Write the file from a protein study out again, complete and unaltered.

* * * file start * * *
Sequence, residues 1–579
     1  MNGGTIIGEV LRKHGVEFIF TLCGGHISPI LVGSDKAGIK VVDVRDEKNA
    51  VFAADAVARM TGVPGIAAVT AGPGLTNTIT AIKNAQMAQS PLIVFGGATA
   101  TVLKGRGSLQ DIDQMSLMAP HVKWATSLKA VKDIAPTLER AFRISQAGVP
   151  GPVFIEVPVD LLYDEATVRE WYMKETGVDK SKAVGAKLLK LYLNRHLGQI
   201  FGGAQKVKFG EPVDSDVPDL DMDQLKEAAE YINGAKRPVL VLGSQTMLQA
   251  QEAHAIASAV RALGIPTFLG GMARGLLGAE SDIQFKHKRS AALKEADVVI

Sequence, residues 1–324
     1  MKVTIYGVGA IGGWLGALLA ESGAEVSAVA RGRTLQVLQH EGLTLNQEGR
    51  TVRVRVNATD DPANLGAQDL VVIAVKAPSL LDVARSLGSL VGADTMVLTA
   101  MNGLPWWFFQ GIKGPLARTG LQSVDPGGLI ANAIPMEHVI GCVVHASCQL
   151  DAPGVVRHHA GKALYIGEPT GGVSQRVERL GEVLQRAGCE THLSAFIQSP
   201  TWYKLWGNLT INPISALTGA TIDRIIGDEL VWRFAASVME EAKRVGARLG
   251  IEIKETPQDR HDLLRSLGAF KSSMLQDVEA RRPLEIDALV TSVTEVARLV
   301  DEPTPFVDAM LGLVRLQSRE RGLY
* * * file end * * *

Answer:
Sequence, residues 1–579
     1  MNGGTIIGEV LRKHGVEFIF TLCGGHISPI LVGSDKAGIK VVDVRDEKNA
    51  VFAADAVARM TGVPGIAAVT AGPGLTNTIT AIKNAQMAQS PLIVFGGATA
   101  TVLKGRGSLQ DIDQMSLMAP HVKWATSLKA VKDIAPTLER AFRISQAGVP
   151  GPVFIEVPVD LLYDEATVRE WYMKETGVDK SKAVGAKLLK LYLNRHLGQI
   201  FGGAQKVKFG EPVDSDVPDL DMDQLKEAAE YINGAKRPVL VLGSQTMLQA
   251  QEAHAIASAV RALGIPTFLG GMARGLLGAE SDIQFKHKRS AALKEADVVI

Sequence, residues 1–324
     1  MKVTIYGVGA IGGWLGALLA ESGAEVSAVA RGRTLQVLQH EGLTLNQEGR
    51  TVRVRVNATD DPANLGAQDL VVIAVKAPSL LDVARSLGSL VGADTMVLTA
   101  MNGLPWWFFQ GIKGPLARTG LQSVDPGGLI ANAIPMEHVI GCVVHASCQL
   151  DAPGVVRHHA GKALYIGEPT GGVSQRVERL GEVLQRAGCE THLSAFIQSP
   201  TWYKLWGNLT INPISALTGA TIDRIIGDEL VWRFAASVME EAKRVGARLG
   251  IEIKETPQDR HDLLRSLGAF KSSMLQDVEA RRPLEIDALV TSVTEVARLV
   301  DEPTPFVDAM LGLVRLQSRE RGLY